This is for me, but you’re welcome to read along, Friend!
By Mary R. Dittman, M.B.A.
Unless you’ve been living under a rock, you know you need boundaries. And, most of us think we’re pretty good at setting them. This is true: we’re good at setting boundaries; where we stink is in protecting the boundaries.
How many times have you said (to yourself or to others), the next time X happens, I’m going to Y. And then you don’t follow through with Y. You draw a line in the sand, and then you step back and draw another line.
There are many good books on boundaries. One of my favorites is Boundaries by Dr. Henry Cloud and Dr. John Townsend. They have several follow-up books, including Boundaries in Dating, which I highly recommend.
Setting a boundary is easy. It’s being willing to deliver the consequences for a boundary violation that can be difficult. Especially if the other person pushes back.
I don’t have children, but what I’ve learned from my friends who do is that when a 5-year old is having a screaming fit, you can’t give in to them. Even though you want to if it will make them be quiet. Especially when you’re in the middle of the grocery store. But what you have to do is take them outside, put them in the car, and take them home with no ice cream.
If you give in, you train them that temper tantrums work. That’s not good for the parents, but it’s especially bad for the child.
Boundaries have been a huge issue for me in all of my relationships - especially dating relationships. I have always wanted to be married, and many times my desire to end being single caused me to allow my boundaries to be poorly defined (or not defined at all) and poorly defended (or deserted altogether).
I don’t even blame the men for this - it is 100% my fault.
One time, I was dating someone and we had a date planned for a Sunday evening. I wasn’t feeling well - I had a splitting headache and was extremely hormonal. I wanted to go to my afternoon yoga class, then lie on the couch and go to bed early so I would feel better for work the next day. I called the guy and told him I wasn’t feeling well and that I wanted to stay home alone and chill.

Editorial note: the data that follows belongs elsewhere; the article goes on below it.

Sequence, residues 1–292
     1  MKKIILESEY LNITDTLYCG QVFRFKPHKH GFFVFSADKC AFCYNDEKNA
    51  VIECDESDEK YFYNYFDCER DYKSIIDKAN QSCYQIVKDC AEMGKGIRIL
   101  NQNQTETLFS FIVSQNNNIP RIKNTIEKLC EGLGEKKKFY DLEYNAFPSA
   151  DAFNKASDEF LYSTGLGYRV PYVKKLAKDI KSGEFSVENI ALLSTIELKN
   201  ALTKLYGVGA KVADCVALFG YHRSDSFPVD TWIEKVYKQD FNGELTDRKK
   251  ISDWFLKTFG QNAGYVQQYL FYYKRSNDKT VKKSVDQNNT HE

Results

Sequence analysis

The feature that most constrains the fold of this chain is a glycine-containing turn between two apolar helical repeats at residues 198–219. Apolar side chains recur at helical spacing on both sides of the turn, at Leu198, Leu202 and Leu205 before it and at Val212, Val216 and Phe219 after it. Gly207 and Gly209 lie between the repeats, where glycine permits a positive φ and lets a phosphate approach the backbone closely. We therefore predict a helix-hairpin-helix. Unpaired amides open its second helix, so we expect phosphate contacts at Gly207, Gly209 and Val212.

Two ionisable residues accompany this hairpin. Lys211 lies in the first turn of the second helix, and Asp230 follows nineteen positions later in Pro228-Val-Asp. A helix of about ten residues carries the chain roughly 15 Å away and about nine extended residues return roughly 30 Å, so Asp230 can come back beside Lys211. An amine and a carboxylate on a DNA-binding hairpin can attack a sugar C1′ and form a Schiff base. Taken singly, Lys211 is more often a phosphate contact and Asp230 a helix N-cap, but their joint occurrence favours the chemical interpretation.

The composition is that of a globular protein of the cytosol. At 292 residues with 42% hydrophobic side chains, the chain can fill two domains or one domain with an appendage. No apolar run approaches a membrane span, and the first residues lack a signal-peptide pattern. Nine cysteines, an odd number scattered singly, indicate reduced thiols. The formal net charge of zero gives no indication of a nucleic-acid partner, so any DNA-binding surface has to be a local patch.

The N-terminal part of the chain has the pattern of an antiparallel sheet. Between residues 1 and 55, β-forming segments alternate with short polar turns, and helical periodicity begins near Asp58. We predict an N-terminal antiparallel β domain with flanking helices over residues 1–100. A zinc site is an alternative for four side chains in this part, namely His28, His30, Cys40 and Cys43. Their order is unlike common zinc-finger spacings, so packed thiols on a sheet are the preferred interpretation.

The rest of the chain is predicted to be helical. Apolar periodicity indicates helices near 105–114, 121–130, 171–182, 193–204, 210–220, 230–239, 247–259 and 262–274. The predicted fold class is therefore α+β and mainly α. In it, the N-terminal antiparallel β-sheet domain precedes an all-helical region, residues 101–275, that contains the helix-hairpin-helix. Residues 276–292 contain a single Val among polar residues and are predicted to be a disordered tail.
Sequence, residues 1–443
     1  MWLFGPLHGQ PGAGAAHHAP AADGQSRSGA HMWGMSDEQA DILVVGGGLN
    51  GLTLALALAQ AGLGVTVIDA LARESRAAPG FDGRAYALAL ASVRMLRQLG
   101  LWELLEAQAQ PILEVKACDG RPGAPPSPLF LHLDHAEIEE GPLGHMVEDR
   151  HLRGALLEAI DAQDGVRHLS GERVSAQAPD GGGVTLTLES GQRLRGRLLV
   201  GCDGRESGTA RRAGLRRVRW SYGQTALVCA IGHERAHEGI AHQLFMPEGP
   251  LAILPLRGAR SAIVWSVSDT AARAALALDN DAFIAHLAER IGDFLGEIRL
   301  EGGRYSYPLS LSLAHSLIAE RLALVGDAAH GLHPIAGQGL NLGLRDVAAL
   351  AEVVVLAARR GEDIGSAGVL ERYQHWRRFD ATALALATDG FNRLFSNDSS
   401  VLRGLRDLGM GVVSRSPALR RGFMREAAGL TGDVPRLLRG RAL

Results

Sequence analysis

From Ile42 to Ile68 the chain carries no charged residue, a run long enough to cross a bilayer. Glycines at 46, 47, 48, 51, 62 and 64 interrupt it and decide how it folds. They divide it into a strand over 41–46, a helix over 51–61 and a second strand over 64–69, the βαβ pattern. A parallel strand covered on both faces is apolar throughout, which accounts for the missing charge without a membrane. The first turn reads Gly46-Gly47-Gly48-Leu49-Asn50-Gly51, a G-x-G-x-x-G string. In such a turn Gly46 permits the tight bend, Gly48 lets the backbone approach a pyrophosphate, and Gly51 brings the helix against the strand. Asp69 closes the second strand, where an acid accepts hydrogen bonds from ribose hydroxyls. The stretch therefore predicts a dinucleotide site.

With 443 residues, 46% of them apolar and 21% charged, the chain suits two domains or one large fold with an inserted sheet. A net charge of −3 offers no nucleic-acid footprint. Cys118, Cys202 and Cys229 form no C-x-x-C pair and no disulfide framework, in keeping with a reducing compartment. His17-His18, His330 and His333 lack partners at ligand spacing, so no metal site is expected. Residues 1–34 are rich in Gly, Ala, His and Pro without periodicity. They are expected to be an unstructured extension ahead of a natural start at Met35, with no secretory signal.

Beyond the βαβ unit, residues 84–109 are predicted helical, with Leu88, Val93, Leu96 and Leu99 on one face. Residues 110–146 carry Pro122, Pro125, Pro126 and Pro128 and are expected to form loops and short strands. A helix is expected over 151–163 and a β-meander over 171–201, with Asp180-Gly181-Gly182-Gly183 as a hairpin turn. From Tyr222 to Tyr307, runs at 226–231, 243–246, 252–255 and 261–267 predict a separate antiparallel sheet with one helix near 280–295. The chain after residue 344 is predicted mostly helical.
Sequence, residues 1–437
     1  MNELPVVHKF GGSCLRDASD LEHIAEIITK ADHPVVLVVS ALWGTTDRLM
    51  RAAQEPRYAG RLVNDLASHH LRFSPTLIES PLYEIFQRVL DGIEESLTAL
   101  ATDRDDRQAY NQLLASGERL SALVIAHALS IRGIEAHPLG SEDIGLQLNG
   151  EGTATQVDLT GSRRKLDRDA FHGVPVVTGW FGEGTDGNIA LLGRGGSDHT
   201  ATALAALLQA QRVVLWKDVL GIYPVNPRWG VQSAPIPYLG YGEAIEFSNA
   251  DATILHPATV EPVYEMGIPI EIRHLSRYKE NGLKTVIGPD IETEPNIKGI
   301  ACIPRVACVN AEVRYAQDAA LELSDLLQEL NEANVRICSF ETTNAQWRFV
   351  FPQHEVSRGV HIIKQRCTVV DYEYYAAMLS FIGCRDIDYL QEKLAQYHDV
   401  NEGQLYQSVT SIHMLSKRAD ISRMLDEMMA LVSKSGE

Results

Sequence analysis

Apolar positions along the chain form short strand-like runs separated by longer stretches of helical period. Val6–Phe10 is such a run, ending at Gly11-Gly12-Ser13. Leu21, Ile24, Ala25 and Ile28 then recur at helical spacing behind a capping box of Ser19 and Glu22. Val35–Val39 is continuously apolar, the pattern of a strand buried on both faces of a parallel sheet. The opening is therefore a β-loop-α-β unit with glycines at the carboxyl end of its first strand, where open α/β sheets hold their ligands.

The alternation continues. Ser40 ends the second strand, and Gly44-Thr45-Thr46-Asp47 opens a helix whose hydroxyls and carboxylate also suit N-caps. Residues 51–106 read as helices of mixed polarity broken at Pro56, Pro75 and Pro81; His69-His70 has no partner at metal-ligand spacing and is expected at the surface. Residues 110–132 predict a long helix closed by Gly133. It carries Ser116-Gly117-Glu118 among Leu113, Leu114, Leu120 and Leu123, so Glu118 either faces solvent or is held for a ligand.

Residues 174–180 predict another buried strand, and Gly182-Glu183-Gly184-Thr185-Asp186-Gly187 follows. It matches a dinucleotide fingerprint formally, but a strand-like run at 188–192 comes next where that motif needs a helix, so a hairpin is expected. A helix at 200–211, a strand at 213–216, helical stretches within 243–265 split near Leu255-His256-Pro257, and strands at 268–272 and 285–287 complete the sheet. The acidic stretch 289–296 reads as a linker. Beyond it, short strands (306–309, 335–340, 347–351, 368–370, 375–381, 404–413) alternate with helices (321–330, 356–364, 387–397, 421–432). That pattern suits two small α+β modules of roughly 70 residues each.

He countered that he really wanted to see me and he “needed to talk to me.” I said we’d have to talk some other time. So far, so good.
Then he started in on wanting to know if I was dating others. It turned into a very complicated conversation. I should have said we would talk more later, but instead I gave in and said, “Let’s just go ahead and go out and talk about this in person tonight.”
And then I felt resentful towards him, which was unfair because I was the one who had violated my boundaries!
Another time, it was getting late and I told him I wanted to end the evening and he pleaded for “just another 20 minutes.” Again, I caved.
What he learned from this was that if he argued with me, I would give in. This led to more boundary violations. Again, I don’t blame him for this - I take sole responsibility for my lack of boundaries.
By the time I told him I “needed some space” to consider moving forward, his response was to blow up my phone all day every day because he had learned that my words had little value in the area of boundary-setting.
When you set a boundary and it is not respected, that is a signal that the person doesn’t respect you - they want to control you. However, it is up to YOU to recognize that and take action.
Defending your boundaries doesn’t always feel comfortable - it can be difficult. Especially if you’re not accustomed to doing so. But if you don’t respect your own boundaries, why would anyone else?
But, just like you can’t let the toddler learn that tantrums are effective, you have to teach yourself (and others) that boundary violations aren’t loving. It’s not loving to let someone else behave in a disrespectful way. You have to show them a different way to act with you.
Having healthy, intact boundaries is now part of my One-Derful Life. It’s how I stay centered and grounded, which helps me feel peaceful and able to enjoy my life.
By the way, if you’re trying to heal from a broken heart, check this out.
Question: Do you struggle with defending your own boundaries?
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